Long-term capital gains tax rates are generally lower than the ordinary income rate you pay on income from work and other earnings like bank interest, but they can still add up if you had a highly profitable investment. If you've lost money on an investment at the time you sell it, or you had stock or something else that became worthless, you can write off the money you've lost as a capital loss.
A capital loss can offset capital gains or up to $3,000 in ordinary income on your taxes, and you can roll capital losses into future tax years to offset future capital gains and income, though you can't roll them backward to offset previous earnings. This means it can be worthwhile to balance the sale of a profitable asset with one that has lost money. An online capital gains tax calculator on the sale of property or a professional tax adviser can help you estimate what you owe.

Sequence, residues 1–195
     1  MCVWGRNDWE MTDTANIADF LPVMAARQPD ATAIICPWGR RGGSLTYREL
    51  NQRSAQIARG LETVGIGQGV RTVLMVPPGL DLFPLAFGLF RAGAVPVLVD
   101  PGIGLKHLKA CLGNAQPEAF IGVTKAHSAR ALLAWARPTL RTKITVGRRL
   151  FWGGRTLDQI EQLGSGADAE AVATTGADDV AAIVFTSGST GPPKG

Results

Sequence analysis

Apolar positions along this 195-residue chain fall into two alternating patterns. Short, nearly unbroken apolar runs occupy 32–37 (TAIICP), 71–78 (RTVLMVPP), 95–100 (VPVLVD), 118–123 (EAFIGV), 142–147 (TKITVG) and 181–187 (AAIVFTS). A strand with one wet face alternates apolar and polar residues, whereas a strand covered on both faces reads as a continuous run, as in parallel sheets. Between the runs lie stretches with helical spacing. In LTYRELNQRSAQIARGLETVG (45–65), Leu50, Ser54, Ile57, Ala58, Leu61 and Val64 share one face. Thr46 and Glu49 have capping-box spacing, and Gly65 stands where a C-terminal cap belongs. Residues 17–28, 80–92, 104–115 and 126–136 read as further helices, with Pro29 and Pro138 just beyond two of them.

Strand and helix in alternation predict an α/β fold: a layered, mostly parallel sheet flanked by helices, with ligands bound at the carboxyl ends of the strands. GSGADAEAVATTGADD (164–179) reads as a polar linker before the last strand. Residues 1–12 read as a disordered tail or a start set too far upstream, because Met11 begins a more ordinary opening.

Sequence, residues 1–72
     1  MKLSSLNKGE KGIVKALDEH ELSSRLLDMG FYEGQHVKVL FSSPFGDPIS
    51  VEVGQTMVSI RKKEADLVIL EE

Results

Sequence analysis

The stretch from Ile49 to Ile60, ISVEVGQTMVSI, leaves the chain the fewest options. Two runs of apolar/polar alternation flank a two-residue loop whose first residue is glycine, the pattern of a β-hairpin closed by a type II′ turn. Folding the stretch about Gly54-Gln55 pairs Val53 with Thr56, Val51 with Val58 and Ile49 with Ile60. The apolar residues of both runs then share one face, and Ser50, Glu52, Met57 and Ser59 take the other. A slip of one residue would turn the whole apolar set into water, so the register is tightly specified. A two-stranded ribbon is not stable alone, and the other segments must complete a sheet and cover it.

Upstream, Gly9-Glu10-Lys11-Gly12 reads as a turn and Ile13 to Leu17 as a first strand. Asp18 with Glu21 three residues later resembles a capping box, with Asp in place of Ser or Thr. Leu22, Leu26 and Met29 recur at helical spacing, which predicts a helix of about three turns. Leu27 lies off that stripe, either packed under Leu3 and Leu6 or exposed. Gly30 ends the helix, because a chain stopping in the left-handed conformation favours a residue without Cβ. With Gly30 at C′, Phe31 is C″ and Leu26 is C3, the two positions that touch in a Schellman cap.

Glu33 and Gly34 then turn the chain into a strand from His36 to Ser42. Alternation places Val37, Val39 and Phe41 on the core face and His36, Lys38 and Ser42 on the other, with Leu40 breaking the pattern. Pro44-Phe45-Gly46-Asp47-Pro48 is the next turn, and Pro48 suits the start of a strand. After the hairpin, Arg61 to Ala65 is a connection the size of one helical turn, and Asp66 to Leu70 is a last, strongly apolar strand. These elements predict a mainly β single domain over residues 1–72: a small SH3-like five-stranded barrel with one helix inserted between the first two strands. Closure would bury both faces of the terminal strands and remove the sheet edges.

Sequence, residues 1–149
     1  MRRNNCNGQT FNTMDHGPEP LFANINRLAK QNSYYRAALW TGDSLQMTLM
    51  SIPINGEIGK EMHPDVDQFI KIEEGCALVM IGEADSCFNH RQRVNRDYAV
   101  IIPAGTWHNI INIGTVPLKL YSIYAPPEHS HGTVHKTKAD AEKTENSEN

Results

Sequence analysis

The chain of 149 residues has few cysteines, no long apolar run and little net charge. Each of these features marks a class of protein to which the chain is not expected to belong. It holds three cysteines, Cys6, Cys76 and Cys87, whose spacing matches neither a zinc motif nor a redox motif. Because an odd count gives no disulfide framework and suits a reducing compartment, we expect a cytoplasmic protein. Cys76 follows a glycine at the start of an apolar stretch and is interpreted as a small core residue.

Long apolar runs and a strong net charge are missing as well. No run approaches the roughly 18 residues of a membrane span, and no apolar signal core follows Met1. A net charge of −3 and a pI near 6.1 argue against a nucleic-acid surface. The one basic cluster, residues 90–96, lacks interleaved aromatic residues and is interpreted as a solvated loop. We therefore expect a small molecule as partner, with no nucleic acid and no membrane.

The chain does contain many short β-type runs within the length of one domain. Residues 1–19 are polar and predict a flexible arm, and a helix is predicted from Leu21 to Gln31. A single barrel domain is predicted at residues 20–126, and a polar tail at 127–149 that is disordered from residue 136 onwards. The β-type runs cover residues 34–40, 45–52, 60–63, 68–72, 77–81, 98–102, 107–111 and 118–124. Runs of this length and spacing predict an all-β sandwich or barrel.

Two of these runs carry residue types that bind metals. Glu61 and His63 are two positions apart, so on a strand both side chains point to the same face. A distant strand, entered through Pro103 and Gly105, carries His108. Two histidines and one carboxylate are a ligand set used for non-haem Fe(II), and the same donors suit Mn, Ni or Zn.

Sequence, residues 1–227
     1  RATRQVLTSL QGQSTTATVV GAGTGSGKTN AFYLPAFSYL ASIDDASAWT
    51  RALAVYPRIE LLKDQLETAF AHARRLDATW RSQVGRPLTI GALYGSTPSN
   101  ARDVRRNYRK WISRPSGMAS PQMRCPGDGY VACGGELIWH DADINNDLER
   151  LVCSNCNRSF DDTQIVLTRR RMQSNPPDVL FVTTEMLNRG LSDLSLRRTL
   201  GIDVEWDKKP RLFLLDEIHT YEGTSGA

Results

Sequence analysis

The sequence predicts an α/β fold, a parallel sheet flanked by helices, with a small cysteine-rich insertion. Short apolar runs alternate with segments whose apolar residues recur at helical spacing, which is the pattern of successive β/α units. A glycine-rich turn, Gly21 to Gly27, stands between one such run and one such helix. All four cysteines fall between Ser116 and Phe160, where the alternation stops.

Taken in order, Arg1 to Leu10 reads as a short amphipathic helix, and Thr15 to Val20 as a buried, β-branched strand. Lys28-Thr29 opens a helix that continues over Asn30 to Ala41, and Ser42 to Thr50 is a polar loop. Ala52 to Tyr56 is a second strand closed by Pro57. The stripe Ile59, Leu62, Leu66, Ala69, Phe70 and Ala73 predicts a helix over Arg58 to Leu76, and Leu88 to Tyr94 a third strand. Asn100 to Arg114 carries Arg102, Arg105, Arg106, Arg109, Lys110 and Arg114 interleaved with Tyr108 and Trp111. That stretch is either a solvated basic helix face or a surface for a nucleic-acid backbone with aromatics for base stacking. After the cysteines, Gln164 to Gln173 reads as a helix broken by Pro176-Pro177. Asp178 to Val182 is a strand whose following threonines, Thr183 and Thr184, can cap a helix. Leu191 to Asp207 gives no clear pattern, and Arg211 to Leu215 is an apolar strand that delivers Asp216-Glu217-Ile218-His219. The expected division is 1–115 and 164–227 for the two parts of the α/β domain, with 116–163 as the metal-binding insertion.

Selling Your Home for Gain
Special rules apply if you sell your main residence for a capital gain. You can generally exclude up to $250,000 in capital gains from taxation or up to $500,000 for married couples filing jointly provided you meet the IRS requirements. Specifically, you need to have owned the house and used it as your main home for two years within the five years prior to the home's sale.
The period where it was your main home and the period where you owned it don't have to be the same period. If you're married and filing jointly, only one spouse has to meet the two-year ownership requirement, but both spouses must meet the primary residency requirement to get the tax exclusion.